Brighton Digital Festival is Underway
09 June 2015
It's been a phenomenal start to the 2011 Brighton Digital Festival, with thousands of visitors flocking to the city to enjoy the programme. By Honor Harger
Brighton Digital Festival launched on Thursday 1 September, and has, thus far, proved to be a resounding success.
At Phoenix Brighton gallery on Thursday evening, at the Private View of Solar Systems, stirring speeches by festival steering group member, Aral Balkan, Brighton & Hove City Councillor Geoffrey Bowden, and Arts Council regional director, Sally Abbott, emphasised how significant it is for Brighton to have a festival that raises the profile of its vibrant digital community.
The artistic programme kicked things off in fine style. Blast Theory‘s A Machine to See With wowed its first set of ’players’ who took on the lead role in a heist film, played out on the streets of Brighton. *Semiconductor*’s remarkable exhibition, Solar Systems is a homage to our nearest star – the Sun – and it dazzled those who came to the private views on Thursday and Friday. And Katy Connor’s Pure Flow installation at Permanent Gallery impressed and intrigued everyone from local passers-by to the BBC World Service.
On Friday, the first of Brighton Digital Festival’s six major conferences – dConstruct 2011 – packed out Brighton Dome. The conference had sold out months before, with it’s 800 tickets being snapped up in an incredible seven hours.
Over the course of the day, some the world’s major thought-leaders in digital design surprised and delighted a full house.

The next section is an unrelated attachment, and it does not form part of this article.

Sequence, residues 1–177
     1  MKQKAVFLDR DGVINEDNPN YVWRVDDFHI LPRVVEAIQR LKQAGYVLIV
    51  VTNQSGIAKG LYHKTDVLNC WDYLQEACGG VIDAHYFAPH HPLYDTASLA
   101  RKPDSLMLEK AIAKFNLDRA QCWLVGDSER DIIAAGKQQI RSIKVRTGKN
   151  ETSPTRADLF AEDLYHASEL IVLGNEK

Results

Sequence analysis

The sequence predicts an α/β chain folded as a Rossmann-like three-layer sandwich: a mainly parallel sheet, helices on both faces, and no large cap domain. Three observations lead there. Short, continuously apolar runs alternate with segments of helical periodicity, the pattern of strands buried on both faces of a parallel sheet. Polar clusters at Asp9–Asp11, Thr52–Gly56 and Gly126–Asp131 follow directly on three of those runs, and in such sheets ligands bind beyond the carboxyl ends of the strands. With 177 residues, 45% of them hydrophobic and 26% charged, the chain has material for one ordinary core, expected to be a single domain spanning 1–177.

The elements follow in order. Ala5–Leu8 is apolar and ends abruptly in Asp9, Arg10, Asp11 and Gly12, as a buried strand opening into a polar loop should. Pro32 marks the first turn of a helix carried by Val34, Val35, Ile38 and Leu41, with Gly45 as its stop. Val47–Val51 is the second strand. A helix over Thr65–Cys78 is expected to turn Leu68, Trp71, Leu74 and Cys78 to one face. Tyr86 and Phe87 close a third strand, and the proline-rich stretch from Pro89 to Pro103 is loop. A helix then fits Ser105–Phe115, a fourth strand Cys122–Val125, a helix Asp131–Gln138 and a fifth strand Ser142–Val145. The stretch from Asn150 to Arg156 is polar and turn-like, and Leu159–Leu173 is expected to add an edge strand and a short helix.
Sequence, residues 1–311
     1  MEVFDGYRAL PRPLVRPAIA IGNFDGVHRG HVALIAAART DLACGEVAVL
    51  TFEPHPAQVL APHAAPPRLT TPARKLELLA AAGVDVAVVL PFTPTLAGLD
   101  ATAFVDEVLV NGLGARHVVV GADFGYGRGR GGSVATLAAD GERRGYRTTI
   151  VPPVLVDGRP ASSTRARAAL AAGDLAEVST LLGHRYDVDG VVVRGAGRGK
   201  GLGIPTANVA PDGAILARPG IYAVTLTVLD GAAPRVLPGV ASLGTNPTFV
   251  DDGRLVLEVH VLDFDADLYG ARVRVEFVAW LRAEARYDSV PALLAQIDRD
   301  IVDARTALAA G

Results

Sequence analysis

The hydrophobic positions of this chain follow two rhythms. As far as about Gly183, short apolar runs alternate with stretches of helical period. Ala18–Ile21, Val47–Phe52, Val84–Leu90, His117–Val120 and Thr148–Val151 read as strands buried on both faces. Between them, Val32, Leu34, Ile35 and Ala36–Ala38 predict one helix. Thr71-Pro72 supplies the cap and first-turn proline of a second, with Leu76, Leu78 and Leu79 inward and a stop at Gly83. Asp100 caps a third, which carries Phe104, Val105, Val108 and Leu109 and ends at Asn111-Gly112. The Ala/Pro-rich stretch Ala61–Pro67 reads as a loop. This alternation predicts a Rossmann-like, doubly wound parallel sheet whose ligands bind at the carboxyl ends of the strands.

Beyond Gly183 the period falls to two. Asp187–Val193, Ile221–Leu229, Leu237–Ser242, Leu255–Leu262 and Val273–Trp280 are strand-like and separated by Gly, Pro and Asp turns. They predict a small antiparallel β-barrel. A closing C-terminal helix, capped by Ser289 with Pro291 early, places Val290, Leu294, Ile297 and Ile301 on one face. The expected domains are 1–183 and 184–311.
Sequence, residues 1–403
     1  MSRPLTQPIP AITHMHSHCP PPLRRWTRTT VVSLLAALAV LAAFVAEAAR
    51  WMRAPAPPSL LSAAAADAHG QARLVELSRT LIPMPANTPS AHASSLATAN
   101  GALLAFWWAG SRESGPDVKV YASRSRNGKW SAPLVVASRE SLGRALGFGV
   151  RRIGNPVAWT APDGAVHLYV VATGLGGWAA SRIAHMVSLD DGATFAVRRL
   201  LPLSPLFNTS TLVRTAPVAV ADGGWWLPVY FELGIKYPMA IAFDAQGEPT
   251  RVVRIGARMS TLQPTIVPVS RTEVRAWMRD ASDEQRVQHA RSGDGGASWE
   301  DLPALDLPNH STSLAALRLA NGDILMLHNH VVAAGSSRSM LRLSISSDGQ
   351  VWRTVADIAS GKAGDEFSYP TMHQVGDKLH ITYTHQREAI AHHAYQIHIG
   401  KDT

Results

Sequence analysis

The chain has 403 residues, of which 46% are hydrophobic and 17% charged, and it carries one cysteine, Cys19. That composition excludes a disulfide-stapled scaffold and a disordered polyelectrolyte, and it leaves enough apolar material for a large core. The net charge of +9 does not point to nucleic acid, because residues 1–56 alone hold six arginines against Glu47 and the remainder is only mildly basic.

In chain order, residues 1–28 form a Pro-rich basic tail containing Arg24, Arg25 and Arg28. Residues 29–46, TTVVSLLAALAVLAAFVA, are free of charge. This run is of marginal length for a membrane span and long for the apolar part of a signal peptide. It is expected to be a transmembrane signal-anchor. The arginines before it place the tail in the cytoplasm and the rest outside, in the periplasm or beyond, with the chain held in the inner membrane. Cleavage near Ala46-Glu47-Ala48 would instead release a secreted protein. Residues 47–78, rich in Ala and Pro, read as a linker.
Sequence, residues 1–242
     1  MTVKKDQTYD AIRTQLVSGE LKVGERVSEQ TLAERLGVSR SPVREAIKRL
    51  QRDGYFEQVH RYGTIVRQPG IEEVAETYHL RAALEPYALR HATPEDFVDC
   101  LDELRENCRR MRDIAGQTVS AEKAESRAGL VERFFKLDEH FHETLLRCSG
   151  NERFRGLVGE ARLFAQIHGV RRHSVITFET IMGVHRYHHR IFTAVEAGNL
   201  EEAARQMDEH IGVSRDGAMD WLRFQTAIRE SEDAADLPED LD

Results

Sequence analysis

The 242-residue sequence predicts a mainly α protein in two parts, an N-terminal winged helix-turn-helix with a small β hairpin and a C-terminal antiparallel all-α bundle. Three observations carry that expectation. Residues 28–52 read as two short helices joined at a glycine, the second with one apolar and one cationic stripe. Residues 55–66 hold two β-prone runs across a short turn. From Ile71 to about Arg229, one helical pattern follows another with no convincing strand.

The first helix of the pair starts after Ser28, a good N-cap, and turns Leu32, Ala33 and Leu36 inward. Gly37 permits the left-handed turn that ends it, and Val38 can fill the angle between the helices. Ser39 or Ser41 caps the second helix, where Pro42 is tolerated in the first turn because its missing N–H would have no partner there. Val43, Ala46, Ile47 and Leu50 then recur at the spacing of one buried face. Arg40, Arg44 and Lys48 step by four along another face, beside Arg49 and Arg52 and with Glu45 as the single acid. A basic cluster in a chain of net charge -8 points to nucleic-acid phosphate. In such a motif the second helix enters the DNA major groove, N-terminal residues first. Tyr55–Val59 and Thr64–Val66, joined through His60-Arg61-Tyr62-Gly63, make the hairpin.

My highlights included Craig Mod’s wonderfully surreal tale of the origin of the book; Kars Alfrink’s thought-provoking account of the social disconnection which is rife in so many cities in Europe; Matthew Sheret’s charming account of timelord technology; and Kevin Slavin’s barnstorming reprisal of his MoMo Amsterdam lecture, Reality is Plenty, Thanks – an erudite critique of the new wave of augmented reality applications.
On Saturday Brighton’s first Mini Maker Faire opened it’s doors at Brighton Dome, and almost immediately was full of visitors of all ages. The faire showcased the ingenious and mind-boggling creations of over 40 makers, hackers and crafters from around the country. RepRap 3D printers, sat next to reel-to-reel tape loops; giant pantograph machines operated alongside BBC Micro computers; people played games of gingerbread chess, whilst Daleks held up traffic outside. Six-year olds learned to programme in BASIC and kids helped make 3D computer games. There were remote control submarines, a machine that made music from water, and live aquatic monsters you take could home as pets.
Mini Maker Faire attracted an incredible 5473 visitors over the day, showing just how vibrant the maker scene is, and how valuable it is to have a space where hackers, crafters and artists can meet.
On Sunday, the second conference of the festival got underway with a special banquet at Brighton’s iconic Royal Pavilion. Update 2011 – curated by Aral Balkan – focused on user experience design for mobile platforms. On Monday, in front of nearly 500 attendees at Brighton Dome, Update hosted talks on user experience design by leading lights Matt Gemmell and Sarah Parmentier, a passionate defence of open standards and the web by Jeremy Keith of Clearleft, a conversation with co-founder of Apple, Ronald Wayne, and an entertaining piece of live-coding by local developer and artist, Seb Lee-Delisle.
The team from BBC’s Click show – Bill Thompson, Colin Grant and Gareth Mitchell – were on hand to see it all, and a special edition of Click devoted to Brighton Digital Festival will be out later in September.
The festival is only it’s 9th day, and is already exceeding the expectations of the grassroots community that organised it. With over 60 conferences, exhibitions, performances, screenings, workshops, meet-ups and events throughout the month, there’s still plenty more to come.
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